Knowledge Exchange

Research over the past decade into the impacts of arts on health has uncovered a wealth of evidence to support the benefits of music as a therapeutic tool in dementia care. It is clear that engaging in music can have outstanding impacts on people living with dementia, seen in studies to increase communication, wellbeing, agency, expression and selfhood and decrease agitation, aphasia and low mood. 


Unfortunately, however only a fraction of people living with dementia have access to music. Statistics show that 80% of people in care homes have dementia or significant issues with memory, whilst only 5% of care homes have access to music and arts. 


It is for this reason that part of our work is in sharing our practices, knowledge and skills with other artists, health-care practitioners, care-home staff, carers and organisations. We run a Music for Dementia Toolkit Training programme, which is available to care homes and organisations to hire-in, or book onto. 


We believe that the more the arts and health entities merge, the stronger our shared impact can be. Our Knowledge Exchange programme reflects this principle, as we understand knowledge only develops from engaging with those around us. The expertise we hold as an organisation is only strengthened by learning from others, and we welcome the breadth of experiences and expertise from those we share knowledge with.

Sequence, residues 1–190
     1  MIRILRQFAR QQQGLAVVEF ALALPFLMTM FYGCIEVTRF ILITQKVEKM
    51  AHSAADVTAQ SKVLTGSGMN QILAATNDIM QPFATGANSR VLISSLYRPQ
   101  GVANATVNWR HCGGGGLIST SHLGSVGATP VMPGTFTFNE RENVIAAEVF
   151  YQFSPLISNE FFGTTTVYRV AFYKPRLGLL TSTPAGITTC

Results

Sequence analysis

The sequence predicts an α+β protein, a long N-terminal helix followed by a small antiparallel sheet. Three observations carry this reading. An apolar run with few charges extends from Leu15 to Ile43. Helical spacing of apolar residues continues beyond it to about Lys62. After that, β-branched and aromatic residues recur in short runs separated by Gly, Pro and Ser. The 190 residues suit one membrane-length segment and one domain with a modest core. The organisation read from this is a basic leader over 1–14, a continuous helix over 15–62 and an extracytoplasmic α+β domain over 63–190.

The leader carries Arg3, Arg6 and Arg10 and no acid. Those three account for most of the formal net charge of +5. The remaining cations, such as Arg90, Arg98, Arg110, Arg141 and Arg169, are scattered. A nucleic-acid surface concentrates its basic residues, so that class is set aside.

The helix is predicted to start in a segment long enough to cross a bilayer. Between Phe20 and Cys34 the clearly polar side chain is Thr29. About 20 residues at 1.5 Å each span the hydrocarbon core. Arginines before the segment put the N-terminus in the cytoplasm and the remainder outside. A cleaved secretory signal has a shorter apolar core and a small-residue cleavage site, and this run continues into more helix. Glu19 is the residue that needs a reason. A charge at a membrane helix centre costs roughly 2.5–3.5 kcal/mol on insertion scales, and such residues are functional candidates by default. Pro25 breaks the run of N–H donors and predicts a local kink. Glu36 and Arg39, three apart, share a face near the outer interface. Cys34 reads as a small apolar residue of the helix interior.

The value of Knowledge Exchange drives us to foster partnerships with other organisations and practitioners, and we relish working with these experts to strengthen our offering. 

Go to Online Training

Go to On-site training

Training Flyer:

Training Flyer

Training Testimonials:

“It was relaxed but informative, and I think the whole group worked well together, without embarrassment. We were able to speak our minds and absorb the information whilst contributing our own ideas.”

“It was fun, we enjoyed experimenting together as a group and we got to know ‘new’ people in a good way.”

“I came away with lots of new singing ideas, some new ways to use movement, an introduction to easy-to-use instruments, and a better understanding of how to use music in the moment.”

“I now understand more about the brain and dementia.”

“It has reminded me of how affective music is for a person with dementia.”

“I really liked the way the session was delivered, it was great!”

“It was varied between instructional and interactive. There was a lot of practical advice. It was really, really fantastic.”

“Very well structured, with room for flexibility. Breakout sessions were good to keep things fresh and bounce ideas around without ever becoming chaotic. Lucy was excellent at communicating with clarity, listening to peoples’ ideas and questions and encouraging. The session was very inclusive.”